1987 – So after a short break and a Mea Culpa from Bob Shaye to Wes Craven – Craven returned with Bruce Wagner to write a draft of the A NIGHTMARE ON ELM STREET PART THREE: DREAM WARRIORS. The script they turned in is essentially the bones of the film produced but it has a much darker tone to it – Freddy was nastier and there was a more on Freddy’s childhood. Shaye then employed a maverick new director Chuck Russell (Eraser) and Frank Darabont (The Green Mile, The Shawshank Redemption, The Mist, The Walking Dead) to come on board and work on the script. Both versions can be found here. Well it worked big time – NIGHTMARE 3 blitzed the box office – smashing Freddy Krueger right into mainstream America and, indeed, the globe. It made Robert Englund a household name and saw the first foray into film for a new talent: Patricia Arquette. And after $45m at the U.S. box office – it was, up until then, the highest grossing film New Line had ever released… until…

1988 – A NIGHTMARE ON ELM STREET PART FOUR: THE DREAM MASTER (which turns 25 next year) is out and out the biggest box office success of the entire original series.With a just under $50m domestic gross the film, directed by Renny Harlin (which then went on to do DIE HARD 2, CUTTHROAT ISLAND, THE LONG KISS GOODNIGHT), it was the highest grossing independent film of all time when it released to #1 in the States. The film was such a wildfire hit that New Line pushed the concept even further and expanded it to a TV series: FREDDY’S NIGHTMARES (ultra cheap, ultra silly) and here’s the pilot episode for your viewing pleasure:

1989 – No sooner had part 4 and the TV series get a kickin that New line announced A NIGHTMARE ON ELM STREET 5: THE DREAM CHILD was going to release. Using the tried and true formula of hiring maverick young directors, Shaye employed brit Stephen Hopkins (Lost In Space, Predator 2) to direct the film which, thanks to a pregnant series Exec Producer Sara Risher, had to take on pregnancy in its plotting. Plagued with script problems and continual changes, most of whats in the film represent Hopkins artistic eye with it’s gothic elements, comic book fandom, H.R. Giger nods and Escher sets – but the fans didn’t want that – they wanted Krueger – or maybe they’d had their fill of him? The box office responded accordingly. THE DREAM CHILD was the lowest grossing of the entire franchise – also slammed by critics – and it was a sign for the studio that maybe it was Krueger at over saturation point. … But it didn’t lose money.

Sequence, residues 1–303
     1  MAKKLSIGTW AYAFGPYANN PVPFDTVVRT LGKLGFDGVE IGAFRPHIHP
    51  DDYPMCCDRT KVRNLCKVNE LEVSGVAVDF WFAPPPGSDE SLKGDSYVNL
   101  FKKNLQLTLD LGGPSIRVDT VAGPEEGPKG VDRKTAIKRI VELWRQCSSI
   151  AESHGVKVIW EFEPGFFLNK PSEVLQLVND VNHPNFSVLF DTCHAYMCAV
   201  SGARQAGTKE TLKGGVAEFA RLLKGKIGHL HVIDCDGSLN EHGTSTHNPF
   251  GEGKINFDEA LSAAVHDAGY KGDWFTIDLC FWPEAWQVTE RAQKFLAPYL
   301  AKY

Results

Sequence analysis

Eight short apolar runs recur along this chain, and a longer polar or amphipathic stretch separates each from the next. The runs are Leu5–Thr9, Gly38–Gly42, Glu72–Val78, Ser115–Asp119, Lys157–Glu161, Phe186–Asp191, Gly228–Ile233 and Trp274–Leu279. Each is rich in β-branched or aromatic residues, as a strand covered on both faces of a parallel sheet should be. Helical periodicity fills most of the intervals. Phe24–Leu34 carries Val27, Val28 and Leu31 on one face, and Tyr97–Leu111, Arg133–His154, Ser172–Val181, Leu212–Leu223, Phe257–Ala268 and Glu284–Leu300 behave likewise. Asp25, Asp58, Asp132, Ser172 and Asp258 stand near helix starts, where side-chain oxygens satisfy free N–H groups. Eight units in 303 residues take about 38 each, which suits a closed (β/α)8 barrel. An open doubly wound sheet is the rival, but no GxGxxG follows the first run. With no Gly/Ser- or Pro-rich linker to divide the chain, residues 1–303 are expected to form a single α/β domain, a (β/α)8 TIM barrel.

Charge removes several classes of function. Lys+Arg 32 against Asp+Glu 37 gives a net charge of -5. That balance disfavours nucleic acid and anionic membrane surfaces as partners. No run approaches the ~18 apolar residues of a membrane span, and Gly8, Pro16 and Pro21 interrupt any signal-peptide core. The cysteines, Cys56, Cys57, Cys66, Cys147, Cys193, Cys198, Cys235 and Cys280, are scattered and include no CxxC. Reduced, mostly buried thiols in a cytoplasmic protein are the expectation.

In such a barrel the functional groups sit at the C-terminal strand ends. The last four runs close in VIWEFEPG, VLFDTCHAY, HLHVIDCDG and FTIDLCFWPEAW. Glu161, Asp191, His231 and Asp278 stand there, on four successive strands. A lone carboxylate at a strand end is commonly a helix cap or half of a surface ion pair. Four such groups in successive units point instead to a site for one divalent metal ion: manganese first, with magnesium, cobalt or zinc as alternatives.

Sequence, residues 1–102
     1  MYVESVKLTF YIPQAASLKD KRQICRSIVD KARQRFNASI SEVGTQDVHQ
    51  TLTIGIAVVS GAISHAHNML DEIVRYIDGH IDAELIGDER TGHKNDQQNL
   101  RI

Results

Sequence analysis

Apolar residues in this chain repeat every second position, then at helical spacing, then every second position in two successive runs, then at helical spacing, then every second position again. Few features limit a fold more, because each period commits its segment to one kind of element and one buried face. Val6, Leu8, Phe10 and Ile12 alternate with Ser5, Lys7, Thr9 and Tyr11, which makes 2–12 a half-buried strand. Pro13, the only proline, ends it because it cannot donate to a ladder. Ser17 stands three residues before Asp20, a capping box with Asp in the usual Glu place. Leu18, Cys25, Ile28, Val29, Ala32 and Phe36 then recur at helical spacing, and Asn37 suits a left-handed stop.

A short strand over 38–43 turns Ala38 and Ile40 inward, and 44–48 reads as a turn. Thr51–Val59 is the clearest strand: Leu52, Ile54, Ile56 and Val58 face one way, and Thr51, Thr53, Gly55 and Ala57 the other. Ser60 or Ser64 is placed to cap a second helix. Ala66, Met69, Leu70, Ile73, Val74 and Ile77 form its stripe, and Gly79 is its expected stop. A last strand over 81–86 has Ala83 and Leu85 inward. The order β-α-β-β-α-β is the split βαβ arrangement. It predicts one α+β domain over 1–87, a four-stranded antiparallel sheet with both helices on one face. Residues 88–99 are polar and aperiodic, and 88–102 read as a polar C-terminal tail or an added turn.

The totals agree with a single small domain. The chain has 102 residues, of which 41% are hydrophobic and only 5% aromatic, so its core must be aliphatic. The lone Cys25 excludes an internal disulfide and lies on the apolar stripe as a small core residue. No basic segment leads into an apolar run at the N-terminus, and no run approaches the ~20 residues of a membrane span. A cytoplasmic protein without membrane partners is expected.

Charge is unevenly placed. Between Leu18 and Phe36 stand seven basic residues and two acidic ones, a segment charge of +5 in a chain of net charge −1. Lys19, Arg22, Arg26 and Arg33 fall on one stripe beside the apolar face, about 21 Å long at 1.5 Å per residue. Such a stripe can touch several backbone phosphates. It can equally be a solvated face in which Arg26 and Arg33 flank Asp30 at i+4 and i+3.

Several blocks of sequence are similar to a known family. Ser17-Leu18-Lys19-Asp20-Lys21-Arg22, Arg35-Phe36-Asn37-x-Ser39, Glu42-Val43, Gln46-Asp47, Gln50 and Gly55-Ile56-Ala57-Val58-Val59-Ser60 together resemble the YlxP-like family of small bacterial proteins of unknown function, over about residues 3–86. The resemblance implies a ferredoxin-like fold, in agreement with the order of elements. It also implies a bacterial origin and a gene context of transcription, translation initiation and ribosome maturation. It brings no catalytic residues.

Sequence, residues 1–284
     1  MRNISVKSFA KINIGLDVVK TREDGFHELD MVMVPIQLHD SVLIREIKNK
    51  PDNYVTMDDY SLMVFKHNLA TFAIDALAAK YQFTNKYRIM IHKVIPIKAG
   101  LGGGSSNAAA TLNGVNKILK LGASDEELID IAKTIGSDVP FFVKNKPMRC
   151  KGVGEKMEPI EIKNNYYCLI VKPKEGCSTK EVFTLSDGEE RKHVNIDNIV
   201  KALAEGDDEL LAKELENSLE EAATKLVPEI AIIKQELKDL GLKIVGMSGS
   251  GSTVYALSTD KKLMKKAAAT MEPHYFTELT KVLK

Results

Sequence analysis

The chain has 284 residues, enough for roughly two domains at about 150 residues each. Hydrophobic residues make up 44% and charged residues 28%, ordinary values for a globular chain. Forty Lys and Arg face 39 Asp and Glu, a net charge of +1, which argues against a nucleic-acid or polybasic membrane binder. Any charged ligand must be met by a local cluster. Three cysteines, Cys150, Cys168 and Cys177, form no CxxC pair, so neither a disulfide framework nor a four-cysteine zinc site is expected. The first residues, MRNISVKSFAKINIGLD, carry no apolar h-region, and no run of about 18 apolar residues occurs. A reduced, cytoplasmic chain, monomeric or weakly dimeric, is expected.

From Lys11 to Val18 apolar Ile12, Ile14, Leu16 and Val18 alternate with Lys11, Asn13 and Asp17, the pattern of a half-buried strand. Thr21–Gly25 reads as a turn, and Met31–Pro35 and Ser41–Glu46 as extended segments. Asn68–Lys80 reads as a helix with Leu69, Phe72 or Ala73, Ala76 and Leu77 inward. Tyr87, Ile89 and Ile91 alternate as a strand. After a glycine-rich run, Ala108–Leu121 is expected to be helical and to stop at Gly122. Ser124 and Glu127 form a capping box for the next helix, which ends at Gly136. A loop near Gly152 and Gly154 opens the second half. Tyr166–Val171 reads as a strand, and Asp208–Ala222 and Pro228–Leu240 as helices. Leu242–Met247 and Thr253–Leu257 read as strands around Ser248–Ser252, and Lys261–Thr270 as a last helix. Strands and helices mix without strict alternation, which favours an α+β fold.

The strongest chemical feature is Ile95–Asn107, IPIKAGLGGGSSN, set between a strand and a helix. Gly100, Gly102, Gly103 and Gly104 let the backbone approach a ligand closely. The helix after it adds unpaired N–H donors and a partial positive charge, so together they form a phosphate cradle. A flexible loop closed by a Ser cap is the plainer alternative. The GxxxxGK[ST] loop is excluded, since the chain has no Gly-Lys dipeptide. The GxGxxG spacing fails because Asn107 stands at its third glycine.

Freddy got a vacation. The TV show got axed after 2 seasons and the films got 1990 off.

1991 – What do you do when a franchise runs out of steam? How do you get back your audience for one more go around? It’s easy – announce that you’re gonna kill off your star! That’s exactly what New Line Cinema did and they hired stable hand Rachel Talalay, who’d worked production on all of the films, to direct the feature from a script she and New Line exec Michael De Luca wrote. Interestingly, Peter Jackson also wrote a draft for A NIGHTMARE ON ELM STREET PART SIX but it was discarded. Here’s the brief run down on it (because I’d love to read it):

Jackson’s first Hollywood paycheck involves the complex family tree of Freddy Krueger… Jackson’s first films Bad Taste and Meet the Feebles caught the attention of a number of New Line staff, including scriptreader Mark Ordesky. Though Ordesky failed to persuade his bosses to distribute either film, Jackson and Feebles scriptwriter Danny Mulheron were instead offered the chance to write a script for Elm Street…